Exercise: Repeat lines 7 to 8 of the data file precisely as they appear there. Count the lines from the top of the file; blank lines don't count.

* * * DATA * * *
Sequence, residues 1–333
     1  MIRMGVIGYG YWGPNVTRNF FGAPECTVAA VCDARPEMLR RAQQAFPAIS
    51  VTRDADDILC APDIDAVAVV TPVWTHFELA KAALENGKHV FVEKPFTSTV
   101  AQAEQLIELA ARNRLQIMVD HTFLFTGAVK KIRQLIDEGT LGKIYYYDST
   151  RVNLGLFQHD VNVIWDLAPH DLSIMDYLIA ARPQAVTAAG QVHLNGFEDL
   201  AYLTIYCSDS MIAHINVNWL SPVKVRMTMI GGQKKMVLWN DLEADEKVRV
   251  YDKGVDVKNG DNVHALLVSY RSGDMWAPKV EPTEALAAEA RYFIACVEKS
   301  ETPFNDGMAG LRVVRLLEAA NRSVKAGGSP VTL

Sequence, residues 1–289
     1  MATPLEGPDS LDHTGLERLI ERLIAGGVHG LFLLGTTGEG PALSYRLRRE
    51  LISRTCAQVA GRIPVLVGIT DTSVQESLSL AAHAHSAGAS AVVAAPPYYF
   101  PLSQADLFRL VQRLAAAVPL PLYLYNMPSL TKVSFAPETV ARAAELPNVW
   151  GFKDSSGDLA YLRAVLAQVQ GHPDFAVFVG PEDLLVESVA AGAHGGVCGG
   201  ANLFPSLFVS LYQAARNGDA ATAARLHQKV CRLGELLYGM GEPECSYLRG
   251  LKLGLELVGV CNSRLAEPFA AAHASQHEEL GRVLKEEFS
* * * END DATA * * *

   251  YDKGVDVKNG DNVHALLVSY RSGDMWAPKV EPTEALAAEA RYFIACVEKS
   301  ETPFNDGMAG LRVVRLLEAA NRSVKAGGSP VTL